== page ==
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Divided realities
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I’m someone who has never been a fan of the Olympics, and admit I know nothing about it. So Beijing’s ‘big win’ to host the 2008 Olympics never really registered with me. Until now. Until recent events. What can I say? I know more about the history of Tibet than the history of the Olympics. The history of Tibet is of course a billion times more complicated, and China can still improve its policy on Tibet. But before it could do that, it had to send in the army to stop the rioting. Any country would send in the army if the whole main street, in any city in the country, was burned down by rioters, any rioters. Then the international community should urge restraint, yes, press the Chinese government to offer amnesty and even to talk with Tibetan exile organizations, to acknowledge grievances. Instead, all this barrage of Olympic torch-relay farcical coverage took place, and before you know it you are staring at the long-hidden, until now well-managed, anti-Chinese feelings.

Suffice to say, we like many others have been very distressed by the rampant anti-Chinese feelings, and blatant displays of ignorance and distortion, in the Canadian and other English media. Some two weeks ago a group of Chinese students organized a demonstration (in Toronto's Dundas Square) against biased coverage in the Canadian media. Then a group of Chinese Canadians in Ottawa organized a demonstration on Parliament Hill for last Sunday. The Toronto group immediately responded by renting some 50 school buses to travel to Ottawa to show support (those earlier students also managed to rent a few buses using the money they had collected from the earlier downtown Toronto demonstration).

Laidlaw, the big bus company, cancelled their order less than two days before the event. While the Toronto group scrambled to find alternative transportation means to go to Ottawa, a Chinese Canadian businessman pulled out enough money and chartered 60 coach buses. Last Sunday, the buses, and probably 200 to 300 cars, left Toronto at 7:30 am for Ottawa. Busloads of people also came from Montreal. There were thousands of people (Canadian Chinese-language media estimated 10,000) on Parliament Hill by early noon April 13 in Ottawa. But when we watched the evening news on the two major national TV channels, not a word was said about the demonstration, massive but especially by Canadian standards; and not a word in the national newspapers. When my brother later did an internet search, the only mainstream media that came up was from the local Ottawa paper only. How can they talk about balanced and fair coverage?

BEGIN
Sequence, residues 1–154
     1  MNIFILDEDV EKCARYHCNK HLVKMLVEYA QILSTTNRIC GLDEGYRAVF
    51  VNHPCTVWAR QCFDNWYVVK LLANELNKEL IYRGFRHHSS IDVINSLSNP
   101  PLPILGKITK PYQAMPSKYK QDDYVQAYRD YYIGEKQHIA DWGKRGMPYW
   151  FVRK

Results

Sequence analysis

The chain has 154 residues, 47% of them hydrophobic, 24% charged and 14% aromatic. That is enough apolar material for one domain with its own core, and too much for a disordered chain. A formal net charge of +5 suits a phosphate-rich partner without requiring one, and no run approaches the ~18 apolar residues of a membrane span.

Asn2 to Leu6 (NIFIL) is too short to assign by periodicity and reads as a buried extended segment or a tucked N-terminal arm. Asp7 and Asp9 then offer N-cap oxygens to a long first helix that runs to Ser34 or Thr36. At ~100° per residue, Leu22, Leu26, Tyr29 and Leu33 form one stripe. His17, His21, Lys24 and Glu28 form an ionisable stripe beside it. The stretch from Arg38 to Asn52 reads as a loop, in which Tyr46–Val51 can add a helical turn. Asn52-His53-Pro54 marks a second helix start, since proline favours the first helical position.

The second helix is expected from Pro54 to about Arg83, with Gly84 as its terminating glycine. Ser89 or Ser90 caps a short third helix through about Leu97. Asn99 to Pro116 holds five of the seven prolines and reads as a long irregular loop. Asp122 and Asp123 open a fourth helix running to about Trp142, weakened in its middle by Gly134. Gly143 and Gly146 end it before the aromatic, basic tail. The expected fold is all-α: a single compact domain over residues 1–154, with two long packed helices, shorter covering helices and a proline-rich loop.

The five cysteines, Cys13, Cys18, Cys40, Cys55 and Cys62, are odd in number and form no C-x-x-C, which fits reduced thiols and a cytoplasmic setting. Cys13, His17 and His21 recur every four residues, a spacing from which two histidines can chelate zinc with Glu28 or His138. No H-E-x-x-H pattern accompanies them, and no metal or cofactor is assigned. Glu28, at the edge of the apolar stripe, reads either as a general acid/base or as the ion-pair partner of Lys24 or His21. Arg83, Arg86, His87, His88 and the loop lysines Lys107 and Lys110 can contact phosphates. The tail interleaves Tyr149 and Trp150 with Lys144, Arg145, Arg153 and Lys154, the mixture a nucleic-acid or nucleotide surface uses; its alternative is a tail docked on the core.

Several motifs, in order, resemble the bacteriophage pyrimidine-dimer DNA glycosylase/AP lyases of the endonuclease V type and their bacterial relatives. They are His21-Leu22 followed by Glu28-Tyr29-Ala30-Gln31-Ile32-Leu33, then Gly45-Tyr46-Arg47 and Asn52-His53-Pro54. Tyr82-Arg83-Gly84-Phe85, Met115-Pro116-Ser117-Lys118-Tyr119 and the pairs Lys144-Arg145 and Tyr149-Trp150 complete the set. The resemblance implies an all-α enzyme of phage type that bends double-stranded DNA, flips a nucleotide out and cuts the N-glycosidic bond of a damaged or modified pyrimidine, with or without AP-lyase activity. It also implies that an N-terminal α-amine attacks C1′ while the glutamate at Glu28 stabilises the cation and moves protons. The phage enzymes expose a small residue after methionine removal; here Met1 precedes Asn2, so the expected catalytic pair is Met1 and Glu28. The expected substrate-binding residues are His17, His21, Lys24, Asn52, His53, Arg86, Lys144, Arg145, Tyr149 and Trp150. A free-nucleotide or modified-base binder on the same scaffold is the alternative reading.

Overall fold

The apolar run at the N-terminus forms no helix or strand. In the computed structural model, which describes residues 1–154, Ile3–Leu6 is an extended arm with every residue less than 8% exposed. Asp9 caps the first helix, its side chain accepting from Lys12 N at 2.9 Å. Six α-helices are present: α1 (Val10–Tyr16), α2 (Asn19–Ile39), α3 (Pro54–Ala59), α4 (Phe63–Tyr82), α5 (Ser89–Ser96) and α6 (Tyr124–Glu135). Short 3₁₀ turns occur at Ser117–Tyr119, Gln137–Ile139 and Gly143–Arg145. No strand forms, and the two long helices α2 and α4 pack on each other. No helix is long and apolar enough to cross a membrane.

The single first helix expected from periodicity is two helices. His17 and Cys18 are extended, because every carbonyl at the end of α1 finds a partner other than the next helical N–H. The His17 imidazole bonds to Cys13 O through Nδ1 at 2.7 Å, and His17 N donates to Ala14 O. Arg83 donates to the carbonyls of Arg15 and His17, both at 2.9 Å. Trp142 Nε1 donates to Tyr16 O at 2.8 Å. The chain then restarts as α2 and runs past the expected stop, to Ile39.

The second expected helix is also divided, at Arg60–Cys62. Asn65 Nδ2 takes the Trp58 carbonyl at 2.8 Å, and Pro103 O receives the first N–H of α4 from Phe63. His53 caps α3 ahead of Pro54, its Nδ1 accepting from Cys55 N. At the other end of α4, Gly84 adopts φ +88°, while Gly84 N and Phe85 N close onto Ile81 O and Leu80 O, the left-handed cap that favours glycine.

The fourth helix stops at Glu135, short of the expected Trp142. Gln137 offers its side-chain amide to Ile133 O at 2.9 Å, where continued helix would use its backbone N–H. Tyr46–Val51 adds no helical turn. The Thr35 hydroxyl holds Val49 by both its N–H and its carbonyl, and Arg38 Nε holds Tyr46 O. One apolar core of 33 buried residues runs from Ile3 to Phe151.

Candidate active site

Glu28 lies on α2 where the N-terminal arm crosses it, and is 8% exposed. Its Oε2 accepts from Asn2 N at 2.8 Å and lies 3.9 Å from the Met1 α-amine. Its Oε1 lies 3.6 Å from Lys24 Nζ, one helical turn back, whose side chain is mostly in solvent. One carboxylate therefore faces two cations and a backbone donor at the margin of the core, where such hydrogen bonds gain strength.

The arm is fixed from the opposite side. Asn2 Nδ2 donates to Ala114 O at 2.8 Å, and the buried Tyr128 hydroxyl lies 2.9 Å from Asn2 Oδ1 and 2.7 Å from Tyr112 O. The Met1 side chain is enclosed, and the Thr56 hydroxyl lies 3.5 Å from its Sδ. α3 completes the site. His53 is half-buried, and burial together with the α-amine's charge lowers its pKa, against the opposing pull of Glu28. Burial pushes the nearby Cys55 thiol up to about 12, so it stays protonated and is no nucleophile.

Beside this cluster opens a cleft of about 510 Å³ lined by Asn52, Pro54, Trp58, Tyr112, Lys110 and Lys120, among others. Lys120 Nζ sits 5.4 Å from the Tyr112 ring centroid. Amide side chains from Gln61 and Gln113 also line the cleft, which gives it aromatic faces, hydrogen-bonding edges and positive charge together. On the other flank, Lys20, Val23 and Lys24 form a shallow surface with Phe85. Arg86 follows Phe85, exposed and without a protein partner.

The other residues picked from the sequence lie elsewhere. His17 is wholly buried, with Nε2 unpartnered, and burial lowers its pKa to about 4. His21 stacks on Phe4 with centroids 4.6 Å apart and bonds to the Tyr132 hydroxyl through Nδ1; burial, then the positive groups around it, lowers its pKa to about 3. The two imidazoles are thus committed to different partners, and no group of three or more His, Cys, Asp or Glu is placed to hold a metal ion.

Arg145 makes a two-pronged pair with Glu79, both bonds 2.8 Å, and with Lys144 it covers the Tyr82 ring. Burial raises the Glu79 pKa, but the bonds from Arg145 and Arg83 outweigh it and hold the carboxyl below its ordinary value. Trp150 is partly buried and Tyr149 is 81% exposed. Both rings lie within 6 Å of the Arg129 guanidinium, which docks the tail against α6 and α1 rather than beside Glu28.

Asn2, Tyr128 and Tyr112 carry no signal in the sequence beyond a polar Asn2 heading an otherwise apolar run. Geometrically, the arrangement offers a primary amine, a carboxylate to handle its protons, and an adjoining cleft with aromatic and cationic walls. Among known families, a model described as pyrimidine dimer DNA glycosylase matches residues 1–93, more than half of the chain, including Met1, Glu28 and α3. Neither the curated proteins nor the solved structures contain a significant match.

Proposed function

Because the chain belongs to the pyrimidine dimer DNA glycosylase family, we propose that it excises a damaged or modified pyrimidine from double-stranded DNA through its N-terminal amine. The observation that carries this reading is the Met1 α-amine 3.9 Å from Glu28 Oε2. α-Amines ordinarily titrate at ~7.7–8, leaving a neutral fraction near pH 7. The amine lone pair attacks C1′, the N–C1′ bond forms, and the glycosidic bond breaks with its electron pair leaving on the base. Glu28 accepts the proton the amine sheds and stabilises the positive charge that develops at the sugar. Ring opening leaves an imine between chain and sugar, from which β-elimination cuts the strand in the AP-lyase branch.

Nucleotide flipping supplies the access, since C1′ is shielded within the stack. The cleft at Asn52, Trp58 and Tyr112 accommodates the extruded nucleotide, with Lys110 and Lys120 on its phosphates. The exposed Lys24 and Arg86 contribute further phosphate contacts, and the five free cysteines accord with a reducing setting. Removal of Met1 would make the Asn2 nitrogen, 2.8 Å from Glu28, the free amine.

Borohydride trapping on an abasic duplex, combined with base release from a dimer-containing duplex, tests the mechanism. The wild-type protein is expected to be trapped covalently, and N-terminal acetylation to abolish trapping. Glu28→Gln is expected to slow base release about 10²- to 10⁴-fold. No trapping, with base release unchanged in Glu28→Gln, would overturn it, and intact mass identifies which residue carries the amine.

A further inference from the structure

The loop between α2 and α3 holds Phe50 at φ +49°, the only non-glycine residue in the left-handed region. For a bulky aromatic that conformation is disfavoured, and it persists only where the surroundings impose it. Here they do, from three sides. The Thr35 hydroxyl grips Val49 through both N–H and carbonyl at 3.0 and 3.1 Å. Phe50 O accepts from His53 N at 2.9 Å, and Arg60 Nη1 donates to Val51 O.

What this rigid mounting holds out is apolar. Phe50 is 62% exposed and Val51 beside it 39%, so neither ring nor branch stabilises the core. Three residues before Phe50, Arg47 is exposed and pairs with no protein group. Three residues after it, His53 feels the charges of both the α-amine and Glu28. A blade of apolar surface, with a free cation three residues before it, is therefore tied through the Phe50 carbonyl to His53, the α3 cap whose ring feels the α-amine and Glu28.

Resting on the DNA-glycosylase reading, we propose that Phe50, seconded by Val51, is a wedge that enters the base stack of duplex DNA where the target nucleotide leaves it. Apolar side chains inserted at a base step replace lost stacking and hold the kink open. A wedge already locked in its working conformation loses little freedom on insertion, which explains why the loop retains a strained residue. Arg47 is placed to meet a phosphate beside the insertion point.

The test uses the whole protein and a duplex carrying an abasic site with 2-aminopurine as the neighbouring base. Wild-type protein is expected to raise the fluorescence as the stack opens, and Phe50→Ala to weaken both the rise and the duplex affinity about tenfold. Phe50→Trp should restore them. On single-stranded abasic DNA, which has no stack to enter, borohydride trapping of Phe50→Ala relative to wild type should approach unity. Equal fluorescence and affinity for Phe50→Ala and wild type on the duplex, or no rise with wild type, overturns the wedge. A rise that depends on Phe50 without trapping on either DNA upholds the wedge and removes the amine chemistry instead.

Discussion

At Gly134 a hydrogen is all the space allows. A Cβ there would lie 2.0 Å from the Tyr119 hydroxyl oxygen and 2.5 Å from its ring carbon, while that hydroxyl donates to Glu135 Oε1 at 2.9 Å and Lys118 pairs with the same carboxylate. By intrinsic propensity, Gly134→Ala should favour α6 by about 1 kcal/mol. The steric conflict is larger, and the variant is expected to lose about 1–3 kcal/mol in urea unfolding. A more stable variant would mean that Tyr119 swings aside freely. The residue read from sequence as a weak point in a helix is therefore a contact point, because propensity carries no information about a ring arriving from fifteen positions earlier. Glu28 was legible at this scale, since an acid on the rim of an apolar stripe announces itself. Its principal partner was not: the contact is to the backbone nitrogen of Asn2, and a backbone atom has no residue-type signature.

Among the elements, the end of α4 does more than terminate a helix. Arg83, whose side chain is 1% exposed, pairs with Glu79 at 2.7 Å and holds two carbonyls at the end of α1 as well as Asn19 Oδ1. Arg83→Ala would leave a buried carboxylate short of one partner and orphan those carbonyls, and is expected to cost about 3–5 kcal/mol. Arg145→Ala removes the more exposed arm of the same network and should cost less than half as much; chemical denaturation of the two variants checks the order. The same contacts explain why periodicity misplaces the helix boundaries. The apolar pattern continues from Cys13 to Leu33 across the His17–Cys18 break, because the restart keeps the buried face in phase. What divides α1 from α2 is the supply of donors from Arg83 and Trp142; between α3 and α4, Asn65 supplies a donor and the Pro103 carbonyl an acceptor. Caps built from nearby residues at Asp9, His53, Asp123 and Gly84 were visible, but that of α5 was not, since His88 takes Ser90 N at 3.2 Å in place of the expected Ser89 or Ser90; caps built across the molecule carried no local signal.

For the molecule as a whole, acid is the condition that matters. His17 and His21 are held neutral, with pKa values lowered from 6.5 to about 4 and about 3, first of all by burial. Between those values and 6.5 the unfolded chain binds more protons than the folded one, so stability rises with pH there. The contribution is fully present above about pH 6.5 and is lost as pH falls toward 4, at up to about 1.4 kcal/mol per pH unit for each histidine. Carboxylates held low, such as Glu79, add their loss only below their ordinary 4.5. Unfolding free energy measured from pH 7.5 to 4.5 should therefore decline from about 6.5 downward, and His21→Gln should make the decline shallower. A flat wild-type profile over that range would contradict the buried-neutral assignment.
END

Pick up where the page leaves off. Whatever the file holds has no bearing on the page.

We are very regular news readers in English and Chinese ('news addicts'), and had carefully followed the development of this in the local Chinese newspapers (especially the Hong Kong-based daily Ming Pao and Taiwan-based daily World Journal, which have an international readership); how it started weeks ago, how the numbers of people got bigger by the day in the week before April 13th, and how the genuine community momentum culminated. And the Chinese Embassy had nothing to do with it. Yes, concerned people donated money for the buses, but 'rich business interests' were not behind it, since it was clear that it was a real massive groundswell. Even earlier, the uneven mainstream press coverage on Chinese Canadian sentiments had made clear the widespread strong feelings throughout the community against distorted coverage and supporting China.

We had been placing bets on how 'little' coverage this event would get in the national English-language media. We just never expected basically zero coverage. I am not sure I've gotten over this yet. The whole thing was almost spooky. It is like living in two worlds and each has its own reality.

The author is a retired teacher living in Toronto for over 40 years.

(China.org.cn April 21, 2008)

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